At the tail end of San Diego’s autumn heat wave, I visited my favorite neighborhood hot sauce store to re-up on the good stuff and purchase a few novelty gifts for friends. I hadn’t yet tried California-Antilles Trading’s line of hot sauces by Très Tropical, so I decided on a few flavors and struck up a conversation with the shop’s proprietor. He stroked his Gandalf-white beard while examining my choices. Then he singled one out, the Kiwi-Jalapeño flavor, and listed the sauce’s merits as a salad dressing and pork punctuater. The professor lowered his voice, leaned forward and intimated what he believed was the Kiwi-Jalapeño Hot Pepper Sauce’s true calling:
“And man does it taste great on fish tacos!”
So I set out with a bottle of Très Tropical Kiwi-Jalapeño to find out for myself.
Mariscos German had been on my list for awhile. Practically a household name in pescado-loving San Diego, Mariscos German consists of multiple trucks, a large chowhound following and even a spot on this Serious Eats list (which functionally measures fame rather than merit). When a Mariscos German truck moves street corners, people talk.
The Mariscos German truck closest to me, at 35th and University, sits in the corner of a liquor store parking lot and offers such amenities as shade, picnic tables and limes. I’m no stranger to taco trucks, but Mariscos German was the first one I’d been to that doesn’t list any prices on the menu (aside from 99 cents for a fish taco). It was also the first to hand me a styrofoam cup of soup broth to snack on while I waited for my order. The deep red broth, which took about as long to finish as my tacos took to cook, radiated flavor, a delicious balance of spice and assorted seafood. I knew immediately that I wouldn’t be disappointed by the rest of the meal.
Mariscos German’s fish tacos, like some other ninety-nine-centers I’ve had in San Diego, taste their price. All fish tacos under five dollars look the same to me – the same fishstick kin, cabbage and tomato combo – but some taste better than others. These land in the middle. Far more delicious – and far more interesting – is the marlyn taco, a heavy handheld combination of smoky marlin, celery and cheese. The smoked marlin has so much meaty flavor that it is reminiscent of BBQ pork, and the taco as a whole is unique and flavorful enough to combat the pools of grease that makes carrying the taco impossible.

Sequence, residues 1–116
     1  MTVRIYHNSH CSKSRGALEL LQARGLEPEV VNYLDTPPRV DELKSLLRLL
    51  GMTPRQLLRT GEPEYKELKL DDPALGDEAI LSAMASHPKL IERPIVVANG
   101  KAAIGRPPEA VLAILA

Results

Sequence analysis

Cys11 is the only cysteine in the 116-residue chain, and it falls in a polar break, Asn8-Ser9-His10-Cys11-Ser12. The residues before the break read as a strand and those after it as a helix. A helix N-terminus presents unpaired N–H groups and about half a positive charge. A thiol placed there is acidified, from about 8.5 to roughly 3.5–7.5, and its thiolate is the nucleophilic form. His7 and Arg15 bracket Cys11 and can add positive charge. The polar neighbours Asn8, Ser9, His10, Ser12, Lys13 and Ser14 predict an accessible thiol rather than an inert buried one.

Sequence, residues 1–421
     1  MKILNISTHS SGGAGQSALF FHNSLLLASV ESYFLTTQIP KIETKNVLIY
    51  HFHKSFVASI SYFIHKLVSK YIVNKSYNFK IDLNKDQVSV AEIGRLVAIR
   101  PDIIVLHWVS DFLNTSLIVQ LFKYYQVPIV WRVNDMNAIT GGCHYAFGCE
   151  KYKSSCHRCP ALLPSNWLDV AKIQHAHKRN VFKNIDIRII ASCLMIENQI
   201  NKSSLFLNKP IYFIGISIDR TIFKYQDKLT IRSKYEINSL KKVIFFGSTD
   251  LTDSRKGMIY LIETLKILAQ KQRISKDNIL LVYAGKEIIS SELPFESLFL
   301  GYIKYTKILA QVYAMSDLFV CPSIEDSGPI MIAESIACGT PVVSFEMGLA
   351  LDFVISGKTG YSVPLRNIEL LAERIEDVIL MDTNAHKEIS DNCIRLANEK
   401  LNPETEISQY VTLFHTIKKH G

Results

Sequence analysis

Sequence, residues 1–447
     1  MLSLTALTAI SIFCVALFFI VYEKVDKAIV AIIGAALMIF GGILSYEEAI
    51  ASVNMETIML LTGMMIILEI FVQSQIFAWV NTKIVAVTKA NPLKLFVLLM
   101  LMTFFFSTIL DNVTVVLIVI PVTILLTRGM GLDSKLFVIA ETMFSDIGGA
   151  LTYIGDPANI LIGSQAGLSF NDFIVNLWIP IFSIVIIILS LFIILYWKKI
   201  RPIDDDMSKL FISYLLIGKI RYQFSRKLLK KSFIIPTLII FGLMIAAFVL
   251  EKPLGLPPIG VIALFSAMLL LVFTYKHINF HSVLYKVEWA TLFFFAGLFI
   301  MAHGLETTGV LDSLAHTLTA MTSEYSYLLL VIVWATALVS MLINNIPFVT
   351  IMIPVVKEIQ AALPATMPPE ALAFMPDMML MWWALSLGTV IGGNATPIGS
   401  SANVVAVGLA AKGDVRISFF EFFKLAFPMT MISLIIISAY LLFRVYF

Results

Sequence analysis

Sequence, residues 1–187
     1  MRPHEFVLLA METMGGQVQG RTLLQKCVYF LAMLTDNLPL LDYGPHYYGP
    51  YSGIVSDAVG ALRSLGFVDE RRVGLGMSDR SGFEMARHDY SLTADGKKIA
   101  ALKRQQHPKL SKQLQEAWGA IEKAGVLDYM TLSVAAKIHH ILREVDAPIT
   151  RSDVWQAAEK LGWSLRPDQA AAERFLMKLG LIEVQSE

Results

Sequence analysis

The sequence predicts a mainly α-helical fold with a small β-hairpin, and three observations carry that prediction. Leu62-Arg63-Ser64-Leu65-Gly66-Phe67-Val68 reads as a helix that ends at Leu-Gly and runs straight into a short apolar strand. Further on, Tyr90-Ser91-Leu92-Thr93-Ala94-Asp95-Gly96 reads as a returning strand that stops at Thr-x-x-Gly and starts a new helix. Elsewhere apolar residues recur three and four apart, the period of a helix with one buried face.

Grease is the word. I hate to say it, but ultimately, Mariscos German disappointed me. I love me some good, greasy Mexican food, but when it comes to the subtle flavors of pescado and camarón, grease gets in the way of the good stuff. I’d order the marlyn taco and the gobernador taco (grilled shrimp, onions, celery and cheese) again because the intensity of flavor did not disappoint, but the next time I’m in the mood for mariscos on a budget, I’ll be driving to Cocteleria La Playita instead.
My initial experience at Cocteleria La Playita could not have been more different than my meal at Mariscos German. Rather than a truck amidst crowds of waiting pedestrians in a liquor store parking lot, La Playita is a hole-in-the-wall tucked into the back corner of an uninspired Smart n’ Final lot, and the only customer at the time I stopped in was yours truly. I arrived after the lunch rush, as an inconspicuous white van arrived with the day’s shipment of seafood. Eight employees bounced around the open kitchen and unloaded the van while the lone customer waited for his order.
I’ve never shied away from bad restaurant inspection grades. On the contrary, I’ve always believed, to some extent, in a correlation between health negligence and flavor prominence. I don’t know what La Playita’s grade might have been, but the place definitely looked dirty. Grime and stains marred undecorated walls and a linoleum floor warped at every corner. Even I glanced around skeptically as I waited, rethinking the testimonies to mariscos mastery and the promising seafood-only menu. Those worries dissipated with my first bite – I’m sorry, Cocteleria La Playita Fast Sea Food, for ever doubting you.
Cocteleria La Playita’s mixta ceviche is worlds better than Mariscos German’s, which registers as an orchestrated death by citrus. While I would consider Cocteleria La Playita’s ceviche a little too liberal with the lime as well, it contains noticeably fresher seafood, and that made all the difference, giving the tostada second place behind another La Playita’s perfect comfort food. I immediately made a note to return to the cocteleria for its cócteles, which have earned praise beyond their marquee status.
The tacos looked somewhat less exciting, but again my eyes were fooled while my taste buds reaped the truth. The usual fishstick kin, cabbage and tomatoes combine to form more than the sum of their parts. Seafood is the star, and unlike those at Mariscos German’s tacos, other ingredients don’t get too big for their supporting roles. Again, I would guess that the freshness of the fish and shrimp play difference maker, and in the end, I’m more inspired than ever to find more and better fish tacos before I finally leave Southern California. Alas, mariscos on a bargain will make me rue that day.
As for the the Kiwi-Jalapeño Hot Sauce: Man, does it taste great on fish tacos!